Let the function of the mercury capillary part length be *P*(*z*). If suppressing in *k*-element, a corresponding distribution function is *Pk*(*z*), and a probability density is Ψ*k*(*z*):

then

where *ωk* is the probability of mercury suppression in the *k*-element, distributed as per a geometrical law:

*μ* is the relative number of elements with the diameter exceeding a critical one.

Under pressure *p* all the *ξi* are distributed in the same may with the probability density:

Ψ*k*(*x*) is calculated via Ψ_{k − 1}(*x*) as follows:

Substituting Eq. (21) in Eq. (16), we shall get:

Next, substituting Eq. (22) in Eq. (17):

Thereby, we derived an equation to find a function of the length *z* distribution of the mercury capillary part under the pressure in the mercury *p*, which is an integral Volterra equation of the second gender:

Thereafter we shall consider a model, in which all the elements have the same length *ξ*_{0}, that is, the density of the distribution probability *ξi* is equal to the *δ*-function under any pressure *p*:

Justifying such a simplification is based on a smooth-changing a pore diameter. When the value of *ξ*_{0} is rather small, a transversal size of the pore part, the length of which is *ξ*_{0}, may be considered as constant. Substituting Eq. (25) in (24), we derive an equation for *P*(*z*):

giving a step-by-step solution:

where *n = l*_{0}*/ξ*_{0} is the number of elements in one capillary.

The derived solution for *P*(*z*) must be connected with an experimental value of the entered mercury volume. If in the given capillary the length of the mercury part is *z*, the mercury volume in it is

where *f*(*ζ*) is the true density of pore volume distribution on sizes and *v*_{1} is a medium volume of capillary length unit. A total volume of mercury, entered under the pressure *p*, is

where *N*_{0} represents a total quantity of the capillaries. In the expression (29), the first component considers the volume of partially filled capillaries, and the second component considers the volume of fully filled ones. Convert the expression (29), considering *V*_{0} = *v*_{1}*N*_{0}*l*_{0} (*V*_{0} is the total volume of the porous area):

Using the solution (27), we may make a calculation:

Substituting Eq. (31) into Eq. (30):

A dependence exists between the functions *μ*(*ζ*) and *f*(*ζ*):

where we use the designation,

Using Eq. (33), let us convert an integral in Eq. (32) (later on for convenience of writing let us consider *v* = *v*(*d*)):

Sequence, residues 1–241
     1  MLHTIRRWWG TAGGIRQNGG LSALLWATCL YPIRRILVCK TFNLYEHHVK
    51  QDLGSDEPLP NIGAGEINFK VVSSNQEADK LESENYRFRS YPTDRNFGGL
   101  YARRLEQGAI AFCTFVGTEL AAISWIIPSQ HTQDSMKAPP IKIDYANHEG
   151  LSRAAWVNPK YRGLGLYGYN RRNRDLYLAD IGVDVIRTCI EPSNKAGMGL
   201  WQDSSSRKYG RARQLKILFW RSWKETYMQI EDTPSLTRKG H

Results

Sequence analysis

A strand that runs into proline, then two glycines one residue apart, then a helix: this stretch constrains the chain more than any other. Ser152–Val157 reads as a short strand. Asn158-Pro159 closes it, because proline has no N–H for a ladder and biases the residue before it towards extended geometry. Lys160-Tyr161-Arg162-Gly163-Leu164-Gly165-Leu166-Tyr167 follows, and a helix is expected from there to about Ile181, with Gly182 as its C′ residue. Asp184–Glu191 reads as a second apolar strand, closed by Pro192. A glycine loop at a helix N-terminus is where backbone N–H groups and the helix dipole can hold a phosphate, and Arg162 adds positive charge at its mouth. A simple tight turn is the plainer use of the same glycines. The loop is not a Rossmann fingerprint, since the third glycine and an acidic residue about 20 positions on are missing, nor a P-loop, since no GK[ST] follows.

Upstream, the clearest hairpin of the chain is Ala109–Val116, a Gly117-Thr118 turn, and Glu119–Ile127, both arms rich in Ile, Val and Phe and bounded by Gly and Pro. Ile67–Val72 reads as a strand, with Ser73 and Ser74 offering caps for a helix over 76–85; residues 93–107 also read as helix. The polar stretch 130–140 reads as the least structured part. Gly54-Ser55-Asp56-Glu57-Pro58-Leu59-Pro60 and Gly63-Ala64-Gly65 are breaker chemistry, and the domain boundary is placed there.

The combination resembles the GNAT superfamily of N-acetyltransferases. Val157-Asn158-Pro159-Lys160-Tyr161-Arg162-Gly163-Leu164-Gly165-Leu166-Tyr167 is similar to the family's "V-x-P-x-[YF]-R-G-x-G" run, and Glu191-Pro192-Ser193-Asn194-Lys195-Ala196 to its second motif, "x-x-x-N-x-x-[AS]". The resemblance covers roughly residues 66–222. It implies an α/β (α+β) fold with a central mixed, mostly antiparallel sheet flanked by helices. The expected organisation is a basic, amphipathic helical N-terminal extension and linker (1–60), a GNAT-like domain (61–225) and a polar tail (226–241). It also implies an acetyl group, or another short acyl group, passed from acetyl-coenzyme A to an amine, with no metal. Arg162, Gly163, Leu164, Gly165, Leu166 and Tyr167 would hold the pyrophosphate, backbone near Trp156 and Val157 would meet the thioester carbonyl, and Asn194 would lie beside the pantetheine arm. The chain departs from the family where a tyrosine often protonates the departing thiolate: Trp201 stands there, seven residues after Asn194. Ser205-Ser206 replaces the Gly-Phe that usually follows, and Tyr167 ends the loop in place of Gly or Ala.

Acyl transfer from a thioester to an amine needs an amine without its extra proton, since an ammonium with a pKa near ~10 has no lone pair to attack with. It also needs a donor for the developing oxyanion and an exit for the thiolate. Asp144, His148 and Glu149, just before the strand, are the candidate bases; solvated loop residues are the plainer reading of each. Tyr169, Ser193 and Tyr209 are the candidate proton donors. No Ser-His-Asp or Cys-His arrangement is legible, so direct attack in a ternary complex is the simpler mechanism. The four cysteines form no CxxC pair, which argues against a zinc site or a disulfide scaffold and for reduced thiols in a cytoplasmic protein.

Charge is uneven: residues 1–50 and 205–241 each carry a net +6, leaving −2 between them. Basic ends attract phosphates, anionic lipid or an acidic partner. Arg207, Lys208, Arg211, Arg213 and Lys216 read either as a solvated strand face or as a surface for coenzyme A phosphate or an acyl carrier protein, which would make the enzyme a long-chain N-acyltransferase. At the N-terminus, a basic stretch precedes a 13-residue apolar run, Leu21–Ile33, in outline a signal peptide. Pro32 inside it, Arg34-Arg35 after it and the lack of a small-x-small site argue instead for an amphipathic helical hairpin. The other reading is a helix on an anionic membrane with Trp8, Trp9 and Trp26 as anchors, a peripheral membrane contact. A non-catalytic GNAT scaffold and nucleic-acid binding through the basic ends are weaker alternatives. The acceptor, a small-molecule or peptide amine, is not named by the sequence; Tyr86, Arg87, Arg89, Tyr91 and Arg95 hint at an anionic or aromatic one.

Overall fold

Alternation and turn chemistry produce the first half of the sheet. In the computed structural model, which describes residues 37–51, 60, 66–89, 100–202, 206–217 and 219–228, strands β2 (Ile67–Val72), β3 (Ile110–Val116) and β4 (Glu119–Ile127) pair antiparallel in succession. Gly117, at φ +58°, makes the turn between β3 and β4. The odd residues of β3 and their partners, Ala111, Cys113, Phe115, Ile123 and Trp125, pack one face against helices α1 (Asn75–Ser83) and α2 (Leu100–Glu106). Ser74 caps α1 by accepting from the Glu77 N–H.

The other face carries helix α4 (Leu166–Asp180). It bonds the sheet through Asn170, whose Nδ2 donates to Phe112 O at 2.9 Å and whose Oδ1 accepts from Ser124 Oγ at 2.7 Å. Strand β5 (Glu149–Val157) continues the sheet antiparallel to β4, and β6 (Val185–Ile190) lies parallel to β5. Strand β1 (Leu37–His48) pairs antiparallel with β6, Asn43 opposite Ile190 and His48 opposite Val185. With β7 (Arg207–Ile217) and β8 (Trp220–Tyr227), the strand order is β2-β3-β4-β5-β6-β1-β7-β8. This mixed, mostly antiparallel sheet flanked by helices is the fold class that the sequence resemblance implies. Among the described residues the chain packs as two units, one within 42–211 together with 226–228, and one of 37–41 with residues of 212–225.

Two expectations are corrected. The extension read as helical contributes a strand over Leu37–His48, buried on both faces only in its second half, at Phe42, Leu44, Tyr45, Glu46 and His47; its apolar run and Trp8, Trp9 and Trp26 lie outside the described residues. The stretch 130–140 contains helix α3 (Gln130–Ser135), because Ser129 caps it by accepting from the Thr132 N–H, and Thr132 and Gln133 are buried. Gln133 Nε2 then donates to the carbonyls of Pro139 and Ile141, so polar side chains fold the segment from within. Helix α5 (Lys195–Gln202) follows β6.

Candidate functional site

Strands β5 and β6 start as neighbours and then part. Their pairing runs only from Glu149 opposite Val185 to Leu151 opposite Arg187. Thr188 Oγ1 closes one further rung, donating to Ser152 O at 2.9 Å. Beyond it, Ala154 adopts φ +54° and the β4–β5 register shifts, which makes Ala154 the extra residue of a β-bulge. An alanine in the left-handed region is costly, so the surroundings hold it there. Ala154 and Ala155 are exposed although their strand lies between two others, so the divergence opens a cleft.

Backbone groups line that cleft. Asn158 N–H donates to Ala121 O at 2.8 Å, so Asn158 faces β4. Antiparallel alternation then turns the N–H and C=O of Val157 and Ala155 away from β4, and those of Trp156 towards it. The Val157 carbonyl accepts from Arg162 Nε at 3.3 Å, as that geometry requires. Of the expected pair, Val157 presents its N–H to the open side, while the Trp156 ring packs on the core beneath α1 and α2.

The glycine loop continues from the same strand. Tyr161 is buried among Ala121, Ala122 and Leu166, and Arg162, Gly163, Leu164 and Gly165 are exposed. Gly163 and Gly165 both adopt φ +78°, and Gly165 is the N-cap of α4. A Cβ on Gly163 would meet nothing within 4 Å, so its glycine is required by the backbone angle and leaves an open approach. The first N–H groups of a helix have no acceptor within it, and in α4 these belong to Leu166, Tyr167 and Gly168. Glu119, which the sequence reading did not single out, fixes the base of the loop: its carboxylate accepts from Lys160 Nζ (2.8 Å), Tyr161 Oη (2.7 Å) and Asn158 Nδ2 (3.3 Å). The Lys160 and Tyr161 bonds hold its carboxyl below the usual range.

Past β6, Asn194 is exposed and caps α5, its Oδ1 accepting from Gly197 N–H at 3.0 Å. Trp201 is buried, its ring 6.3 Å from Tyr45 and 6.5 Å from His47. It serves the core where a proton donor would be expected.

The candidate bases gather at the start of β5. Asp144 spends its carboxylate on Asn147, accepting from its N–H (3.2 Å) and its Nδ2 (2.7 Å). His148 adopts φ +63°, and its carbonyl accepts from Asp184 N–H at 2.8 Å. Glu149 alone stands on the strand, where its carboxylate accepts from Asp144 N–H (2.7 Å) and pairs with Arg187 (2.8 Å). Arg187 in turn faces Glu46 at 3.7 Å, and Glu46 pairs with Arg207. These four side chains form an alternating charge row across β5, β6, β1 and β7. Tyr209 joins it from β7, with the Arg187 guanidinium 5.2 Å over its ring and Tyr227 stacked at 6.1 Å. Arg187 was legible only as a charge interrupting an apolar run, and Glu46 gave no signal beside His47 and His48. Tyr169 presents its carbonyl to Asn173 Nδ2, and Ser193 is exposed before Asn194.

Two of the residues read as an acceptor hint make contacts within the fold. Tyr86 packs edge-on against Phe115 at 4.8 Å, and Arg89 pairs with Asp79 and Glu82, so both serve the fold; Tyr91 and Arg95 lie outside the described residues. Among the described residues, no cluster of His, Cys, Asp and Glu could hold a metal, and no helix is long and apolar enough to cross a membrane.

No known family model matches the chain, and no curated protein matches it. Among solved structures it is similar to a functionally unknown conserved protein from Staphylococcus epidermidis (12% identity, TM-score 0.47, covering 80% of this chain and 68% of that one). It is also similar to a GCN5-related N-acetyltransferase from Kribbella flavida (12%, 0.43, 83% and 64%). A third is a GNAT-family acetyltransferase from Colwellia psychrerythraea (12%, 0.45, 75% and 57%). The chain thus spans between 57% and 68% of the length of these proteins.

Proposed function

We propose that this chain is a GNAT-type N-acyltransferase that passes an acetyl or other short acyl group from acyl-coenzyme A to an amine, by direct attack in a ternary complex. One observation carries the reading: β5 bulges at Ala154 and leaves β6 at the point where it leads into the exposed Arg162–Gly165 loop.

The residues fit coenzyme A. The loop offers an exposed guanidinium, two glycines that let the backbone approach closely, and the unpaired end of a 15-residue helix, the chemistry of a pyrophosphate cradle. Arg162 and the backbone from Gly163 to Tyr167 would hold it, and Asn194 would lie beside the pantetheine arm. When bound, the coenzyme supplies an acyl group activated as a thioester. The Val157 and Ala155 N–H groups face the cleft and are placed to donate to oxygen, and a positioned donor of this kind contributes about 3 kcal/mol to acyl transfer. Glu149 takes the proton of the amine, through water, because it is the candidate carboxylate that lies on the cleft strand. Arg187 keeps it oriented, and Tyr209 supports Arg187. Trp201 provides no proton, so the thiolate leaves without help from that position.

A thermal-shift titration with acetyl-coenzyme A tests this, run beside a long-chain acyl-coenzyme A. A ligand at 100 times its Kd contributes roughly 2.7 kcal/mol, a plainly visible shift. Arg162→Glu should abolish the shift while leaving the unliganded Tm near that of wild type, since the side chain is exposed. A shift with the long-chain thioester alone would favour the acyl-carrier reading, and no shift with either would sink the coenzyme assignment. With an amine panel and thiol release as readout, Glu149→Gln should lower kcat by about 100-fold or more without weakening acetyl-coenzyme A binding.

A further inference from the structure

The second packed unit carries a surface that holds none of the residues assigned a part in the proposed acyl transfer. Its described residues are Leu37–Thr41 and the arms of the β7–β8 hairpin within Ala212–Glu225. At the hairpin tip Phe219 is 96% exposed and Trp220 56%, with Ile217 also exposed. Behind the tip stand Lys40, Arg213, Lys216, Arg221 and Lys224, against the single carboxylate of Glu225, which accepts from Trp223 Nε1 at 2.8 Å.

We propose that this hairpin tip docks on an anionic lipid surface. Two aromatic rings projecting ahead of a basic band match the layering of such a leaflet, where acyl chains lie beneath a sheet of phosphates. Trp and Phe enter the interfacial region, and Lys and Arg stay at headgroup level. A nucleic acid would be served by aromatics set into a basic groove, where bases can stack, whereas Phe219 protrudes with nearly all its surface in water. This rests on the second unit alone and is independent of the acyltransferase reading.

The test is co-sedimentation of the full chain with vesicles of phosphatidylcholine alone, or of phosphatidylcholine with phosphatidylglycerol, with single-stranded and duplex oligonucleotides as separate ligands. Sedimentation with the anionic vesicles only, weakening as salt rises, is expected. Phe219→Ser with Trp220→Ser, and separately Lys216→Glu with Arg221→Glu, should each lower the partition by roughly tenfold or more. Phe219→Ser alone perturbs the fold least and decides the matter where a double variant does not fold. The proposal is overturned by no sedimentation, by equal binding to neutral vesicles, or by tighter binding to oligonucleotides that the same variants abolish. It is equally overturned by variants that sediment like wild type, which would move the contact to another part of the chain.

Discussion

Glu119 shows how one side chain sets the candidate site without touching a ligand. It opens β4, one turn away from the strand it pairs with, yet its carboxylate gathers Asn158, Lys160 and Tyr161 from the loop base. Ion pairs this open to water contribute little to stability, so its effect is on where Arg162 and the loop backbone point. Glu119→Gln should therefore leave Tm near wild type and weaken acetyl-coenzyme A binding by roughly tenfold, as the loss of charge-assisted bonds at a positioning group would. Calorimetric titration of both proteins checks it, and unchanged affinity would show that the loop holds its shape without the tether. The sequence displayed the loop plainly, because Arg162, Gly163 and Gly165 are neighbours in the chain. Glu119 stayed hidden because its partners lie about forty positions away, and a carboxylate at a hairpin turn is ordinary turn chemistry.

Substituting Eq. (34) in Eq. (32), we get:

where there is marked *b*=*n*/(*sV*_{0}). Differentiating the expression (35) on *d*, we get the following equation after converting:

which forms the Cauchy problem together with a boundary condition

to determine a true function of pore quantity distribution on sizes *μ*(*ζ*). In Eq. (21), the values *b* and *n* are indefinite and are connected with the desired function *μ*(*ζ*). Therefore, to solve the Cauchy problem there is an iterative method as follows.

Zero approximation *μ*_{0}(*ζ*) is obtained, considering:

where *l*_{0} is the size of the porous material sample being investigated in the direction of mercury travel. The following approximations *μi*(*ζ*) are obtained using the following calculations:

Calculation of *μi*(*ζ*) on each step of the iteration is made by the Runge-Kutta method [5]; therewith, the initial value of the calculated function is *μ*(*ζmin*) = 1, and the derivative is calculated using the equality

with which it is possible to obtain:

In Figure 5 the results of calculating the functions of pore volume on size distribution from Eq. (36) and—for comparison—directly from the experimental data are given. It is seen that as a result of data correction of mercury porosimetry, the curves of pore distribution displace considerably in the direction of large pores.

## 4. Conclusions

The relationship between the function of pore distribution and average hydraulic pore size, eliminating the need for a time-consuming set of experiments to determine the function of pore distribution of porous powder material, allowing to calculate the pore distribution function of porous powder material with any hydraulic average pore size from the known pore distribution function of the reference porous powder material with the fixed average hydraulic pore size, is explained.

The true function of pore distribution, obtained as a result of correcting mercury porosimetry data, enables to improve considerably the accuracy of calculations of processes and facilities parameters, where porous powder materials are used.